Empirical Evidence on the Labor Market Impacts of U.S. Social Insurance Programs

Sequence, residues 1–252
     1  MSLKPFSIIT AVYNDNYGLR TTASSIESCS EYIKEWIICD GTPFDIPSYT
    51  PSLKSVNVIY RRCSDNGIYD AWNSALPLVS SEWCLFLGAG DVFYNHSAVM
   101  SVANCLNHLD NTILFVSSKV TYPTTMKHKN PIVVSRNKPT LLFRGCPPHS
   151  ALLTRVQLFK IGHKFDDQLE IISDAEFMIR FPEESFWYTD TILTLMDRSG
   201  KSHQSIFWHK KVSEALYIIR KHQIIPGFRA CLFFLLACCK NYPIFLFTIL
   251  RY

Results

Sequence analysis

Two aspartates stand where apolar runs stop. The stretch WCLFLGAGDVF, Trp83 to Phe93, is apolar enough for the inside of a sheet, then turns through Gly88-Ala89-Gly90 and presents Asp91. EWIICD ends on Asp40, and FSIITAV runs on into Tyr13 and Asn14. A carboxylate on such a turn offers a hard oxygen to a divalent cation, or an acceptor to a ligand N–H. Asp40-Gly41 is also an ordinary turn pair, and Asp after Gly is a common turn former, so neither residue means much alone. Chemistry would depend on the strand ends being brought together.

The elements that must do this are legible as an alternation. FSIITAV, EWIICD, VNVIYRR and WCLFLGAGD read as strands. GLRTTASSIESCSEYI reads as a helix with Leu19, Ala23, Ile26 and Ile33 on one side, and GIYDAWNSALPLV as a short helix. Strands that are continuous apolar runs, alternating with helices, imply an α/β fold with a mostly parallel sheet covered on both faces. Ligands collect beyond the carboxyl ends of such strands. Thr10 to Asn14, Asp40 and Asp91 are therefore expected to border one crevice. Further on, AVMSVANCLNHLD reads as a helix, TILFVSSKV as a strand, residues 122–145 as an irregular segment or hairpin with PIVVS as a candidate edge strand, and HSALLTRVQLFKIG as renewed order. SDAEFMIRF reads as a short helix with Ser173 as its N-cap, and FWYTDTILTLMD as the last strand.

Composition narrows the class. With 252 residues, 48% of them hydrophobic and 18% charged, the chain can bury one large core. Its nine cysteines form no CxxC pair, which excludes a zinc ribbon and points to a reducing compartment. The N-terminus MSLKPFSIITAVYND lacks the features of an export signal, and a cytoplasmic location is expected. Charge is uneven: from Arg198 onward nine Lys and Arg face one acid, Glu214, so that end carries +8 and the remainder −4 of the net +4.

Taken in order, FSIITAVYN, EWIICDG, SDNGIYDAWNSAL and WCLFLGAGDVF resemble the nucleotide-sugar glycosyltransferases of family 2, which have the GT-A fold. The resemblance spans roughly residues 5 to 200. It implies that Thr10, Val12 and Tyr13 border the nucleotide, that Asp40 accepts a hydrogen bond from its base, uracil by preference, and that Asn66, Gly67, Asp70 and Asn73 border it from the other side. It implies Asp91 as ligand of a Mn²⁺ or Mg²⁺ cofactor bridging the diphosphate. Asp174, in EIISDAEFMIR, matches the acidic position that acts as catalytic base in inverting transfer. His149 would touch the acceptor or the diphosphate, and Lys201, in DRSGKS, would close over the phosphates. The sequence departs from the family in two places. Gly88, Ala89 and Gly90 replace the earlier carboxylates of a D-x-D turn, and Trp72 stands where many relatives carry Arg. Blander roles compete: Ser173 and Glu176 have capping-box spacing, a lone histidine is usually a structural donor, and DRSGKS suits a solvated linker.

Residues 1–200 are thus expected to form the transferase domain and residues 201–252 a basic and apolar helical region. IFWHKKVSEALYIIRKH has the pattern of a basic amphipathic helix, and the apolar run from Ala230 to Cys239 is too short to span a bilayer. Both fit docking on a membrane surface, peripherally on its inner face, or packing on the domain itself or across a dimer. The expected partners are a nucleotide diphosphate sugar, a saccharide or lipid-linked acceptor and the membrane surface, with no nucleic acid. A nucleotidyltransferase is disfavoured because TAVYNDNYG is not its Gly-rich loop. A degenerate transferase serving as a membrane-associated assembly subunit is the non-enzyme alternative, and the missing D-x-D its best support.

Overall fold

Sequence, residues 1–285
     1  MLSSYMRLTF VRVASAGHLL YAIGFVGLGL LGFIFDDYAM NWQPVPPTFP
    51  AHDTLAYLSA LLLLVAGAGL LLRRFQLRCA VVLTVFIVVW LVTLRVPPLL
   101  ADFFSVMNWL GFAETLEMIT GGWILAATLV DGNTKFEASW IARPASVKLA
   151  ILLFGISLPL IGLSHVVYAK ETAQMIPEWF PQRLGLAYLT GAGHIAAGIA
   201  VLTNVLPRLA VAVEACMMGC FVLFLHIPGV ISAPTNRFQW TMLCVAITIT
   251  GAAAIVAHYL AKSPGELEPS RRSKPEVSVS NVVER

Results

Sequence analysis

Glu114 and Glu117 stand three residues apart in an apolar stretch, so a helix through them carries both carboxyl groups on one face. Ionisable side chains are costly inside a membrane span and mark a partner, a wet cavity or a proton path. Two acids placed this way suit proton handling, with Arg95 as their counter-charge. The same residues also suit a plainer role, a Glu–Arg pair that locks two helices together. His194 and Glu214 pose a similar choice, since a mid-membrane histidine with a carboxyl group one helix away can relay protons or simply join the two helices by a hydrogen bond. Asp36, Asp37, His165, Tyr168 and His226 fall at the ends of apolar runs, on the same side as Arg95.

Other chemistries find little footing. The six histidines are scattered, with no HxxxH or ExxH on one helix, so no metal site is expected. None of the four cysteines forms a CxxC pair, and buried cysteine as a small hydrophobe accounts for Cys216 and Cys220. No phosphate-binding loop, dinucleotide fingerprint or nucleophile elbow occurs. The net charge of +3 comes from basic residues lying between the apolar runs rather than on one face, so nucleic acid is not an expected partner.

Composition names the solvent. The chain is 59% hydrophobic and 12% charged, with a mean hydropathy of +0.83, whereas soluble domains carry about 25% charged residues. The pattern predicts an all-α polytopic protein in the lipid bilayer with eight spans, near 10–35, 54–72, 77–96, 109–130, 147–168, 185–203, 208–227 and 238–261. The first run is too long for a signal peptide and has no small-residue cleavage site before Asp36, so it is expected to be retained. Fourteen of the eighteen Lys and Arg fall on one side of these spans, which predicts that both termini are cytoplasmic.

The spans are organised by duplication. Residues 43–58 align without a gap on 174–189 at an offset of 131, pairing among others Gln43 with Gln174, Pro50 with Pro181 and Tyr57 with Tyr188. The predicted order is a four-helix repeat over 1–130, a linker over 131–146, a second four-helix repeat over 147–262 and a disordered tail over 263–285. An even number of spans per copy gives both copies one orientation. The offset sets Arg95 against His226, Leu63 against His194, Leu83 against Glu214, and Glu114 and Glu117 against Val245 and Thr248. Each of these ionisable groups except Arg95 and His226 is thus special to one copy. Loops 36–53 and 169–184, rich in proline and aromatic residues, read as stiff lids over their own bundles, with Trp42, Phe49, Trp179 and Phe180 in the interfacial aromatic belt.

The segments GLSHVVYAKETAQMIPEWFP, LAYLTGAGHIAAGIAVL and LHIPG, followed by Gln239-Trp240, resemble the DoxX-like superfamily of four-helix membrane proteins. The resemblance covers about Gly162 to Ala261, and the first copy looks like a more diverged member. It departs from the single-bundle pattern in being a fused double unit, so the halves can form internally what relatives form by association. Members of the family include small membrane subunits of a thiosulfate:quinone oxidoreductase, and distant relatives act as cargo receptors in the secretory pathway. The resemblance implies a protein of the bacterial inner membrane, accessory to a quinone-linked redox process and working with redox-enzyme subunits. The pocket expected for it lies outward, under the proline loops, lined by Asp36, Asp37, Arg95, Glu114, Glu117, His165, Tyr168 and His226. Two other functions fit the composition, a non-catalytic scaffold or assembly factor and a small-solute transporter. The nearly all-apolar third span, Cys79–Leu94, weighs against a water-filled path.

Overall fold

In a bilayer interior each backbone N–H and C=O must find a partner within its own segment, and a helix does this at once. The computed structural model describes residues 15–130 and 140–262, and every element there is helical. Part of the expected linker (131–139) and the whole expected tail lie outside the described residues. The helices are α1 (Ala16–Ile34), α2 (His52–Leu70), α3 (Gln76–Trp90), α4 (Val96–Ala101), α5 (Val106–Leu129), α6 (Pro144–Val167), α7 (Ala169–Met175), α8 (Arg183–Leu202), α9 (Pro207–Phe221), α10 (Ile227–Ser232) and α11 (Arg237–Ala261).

Social insurance programs exist in the United States to help workers maintain their standard of living across different states of the world. Examples include unemployment insurance, which aids workers through the state of being unemployed, and Social Security, which supports workers through the state of retirement. The three essays in this dissertation study how these types of social insurance programs alter the decisions workers make in the labor market. The first and third essays focus on unemployment insurance, where the first essay focuses on how different types of workers make decisions in the presence of unemployment insurance and the third essay studies how all workers respond to changes in the provision of unemployment insurance. The second essay examines how Social Security retirement income influences the decision of late-career workers to participate in the labor market. All three essays emphasize that the willingness of workers to pursue a job in the labor market relies upon the social insurance available to them outside of employment. Theoretical models of optimal unemployment insurance predict that the job search and savings behavior of unemployed workers will partially be determined by how long a worker expects to remain unemployed. Empirical evidence suggests, however, that workers often underestimate the duration of their unemployment spell. These biased beliefs about the duration of unemployment among unemployed workers should therefore affect their job search and savings behavior. To date, no reliable data have been used to empirically analyze to what degree biased beliefs would change the behavior of unemployment workers. In the first essay, titled 'Biased Beliefs and Job Search: Implications for Optimal Unemployment Insurance,' I use a novel dataset, the Survey of Unemployed Workers in New Jersey, to evaluate how biased beliefs vary across unemployed workers and how they influence the behavior of those workers. I find that overly-optimistic unemployed workers underestimate the duration of their unemployment, leading them to spend 26 percent less time searching for a job each week than those with a pessimistic bias. I also find that overly-optimistic unemployed workers have over $8,500 less saved at any given point during an unemployment spell. These results suggest that unemployed workers with an optimistic bias would benefit from an information "nudge" that encourages increased search effort and could lead to faster reemployment. The first essay demonstrates how workers respond to the presence of social insurance when they are still focused on rejoining the labor market. That is, it provides evidence on the intensive margin. However, it does not say anything about how it would influence a worker's desire to participate in the labor market at all, on the extensive margin. In the second essay, 'Do Late-Career Wages Boost Social Security More for Women than Men?,' Matthew Rutledge and I estimate the incentives for older workers to continue working during their retirement-age years when they could be collecting Social Security. Any worker who delays claiming Social Security receives a larger monthly benefit because of the actuarial adjustment. Some claimants - particularly women, who are more likely to take time out of the labor force early in their careers - can further increase their benefits if the extra years of work raise their career average earnings by displacing lower-earning years. This essay uses the Health and Retirement Study (HRS) linked to earnings records to quantify the impact of women's late-career earnings on Social Security benefits relative to men's. The essay finds that the average gain in Social Security retirement benefits from working one additional year raises women's monthly benefits by 8.6 percent, of which 1.6 percent is from late-career earnings. These results suggest that, especially among women, there are additional benefits to delaying claiming and further increasing the retirement age. Through both of the first two chapters, the parameters outlining the social insurance program were held constant. In reality, the rules of a social insurance program can change over time. Motivated by this possibility, my third chapter, 'The Impact of Unemployment Insurance Extensions on Worker Job-Search Behavior,' explores how reservation wages and job search effort respond to extensions of unemployment insurance. Current economic theory predicts that reservation wages should rise following an extension of potential benefit duration, while search effort should fall. Previous papers in this literature focus on the end result, which is that UI extensions result in prolonged unemployment spells. Using the Survey of Unemployed Workers in New Jersey, and the UI benefit extension in the United States in November 2009, this paper identifies the worker behaviors that lead to prolonged unemployment durations. Employing hypothesis testing and event study analysis, this study shows there are lagged, significant increases in reservation wages and decreases in search effort following the benefit extension. The results suggest that an alternative model of job search is needed.